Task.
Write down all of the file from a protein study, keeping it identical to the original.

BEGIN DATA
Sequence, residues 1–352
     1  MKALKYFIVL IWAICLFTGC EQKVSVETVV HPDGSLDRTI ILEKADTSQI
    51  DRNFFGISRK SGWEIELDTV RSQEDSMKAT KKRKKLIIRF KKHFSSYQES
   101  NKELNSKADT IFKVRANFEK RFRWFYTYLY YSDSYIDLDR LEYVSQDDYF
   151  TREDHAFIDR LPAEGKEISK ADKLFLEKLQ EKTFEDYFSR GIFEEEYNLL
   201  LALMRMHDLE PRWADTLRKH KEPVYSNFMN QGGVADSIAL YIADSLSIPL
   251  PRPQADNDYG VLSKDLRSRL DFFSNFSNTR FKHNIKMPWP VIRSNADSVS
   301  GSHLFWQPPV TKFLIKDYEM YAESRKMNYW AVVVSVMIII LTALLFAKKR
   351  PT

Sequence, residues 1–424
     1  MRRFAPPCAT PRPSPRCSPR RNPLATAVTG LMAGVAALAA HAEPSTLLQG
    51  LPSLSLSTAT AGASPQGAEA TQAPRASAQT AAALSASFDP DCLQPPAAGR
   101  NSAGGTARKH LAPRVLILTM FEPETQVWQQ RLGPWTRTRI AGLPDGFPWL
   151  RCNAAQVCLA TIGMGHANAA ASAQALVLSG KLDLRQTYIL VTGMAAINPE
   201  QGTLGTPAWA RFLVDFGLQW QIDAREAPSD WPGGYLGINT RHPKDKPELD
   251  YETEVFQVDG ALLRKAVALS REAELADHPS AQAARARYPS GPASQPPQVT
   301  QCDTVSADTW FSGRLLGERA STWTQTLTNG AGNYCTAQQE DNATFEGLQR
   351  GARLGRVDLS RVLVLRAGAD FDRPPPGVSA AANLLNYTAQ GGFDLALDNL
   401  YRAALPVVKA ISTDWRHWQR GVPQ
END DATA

Sequence, residues 1–352
     1  MKALKYFIVL IWAICLFTGC EQKVSVETVV HPDGSLDRTI ILEKADTSQI
    51  DRNFFGISRK SGWEIELDTV RSQEDSMKAT KKRKKLIIRF KKHFSSYQES
   101  NKELNSKADT IFKVRANFEK RFRWFYTYLY YSDSYIDLDR LEYVSQDDYF
   151  TREDHAFIDR LPAEGKEISK ADKLFLEKLQ EKTFEDYFSR GIFEEEYNLL
   201  LALMRMHDLE PRWADTLRKH KEPVYSNFMN QGGVADSIAL YIADSLSIPL
   251  PRPQADNDYG VLSKDLRSRL DFFSNFSNTR FKHNIKMPWP VIRSNADSVS
   301  GSHLFWQPPV TKFLIKDYEM YAESRKMNYW AVVVSVMIII LTALLFAKKR
   351  PT

Sequence, residues 1–424
     1  MRRFAPPCAT PRPSPRCSPR RNPLATAVTG LMAGVAALAA HAEPSTLLQG
    51  LPSLSLSTAT AGASPQGAEA TQAPRASAQT AAALSASFDP DCLQPPAAGR
   101  NSAGGTARKH LAPRVLILTM FEPETQVWQQ RLGPWTRTRI AGLPDGFPWL
   151  RCNAAQVCLA TIGMGHANAA ASAQALVLSG KLDLRQTYIL VTGMAAINPE
   201  QGTLGTPAWA RFLVDFGLQW QIDAREAPSD WPGGYLGINT RHPKDKPELD
   251  YETEVFQVDG ALLRKAVALS REAELADHPS AQAARARYPS GPASQPPQVT
   301  QCDTVSADTW FSGRLLGERA STWTQTLTNG AGNYCTAQQE DNATFEGLQR
   351  GARLGRVDLS RVLVLRAGAD FDRPPPGVSA AANLLNYTAQ GGFDLALDNL
   401  YRAALPVVKA ISTDWRHWQR GVPQ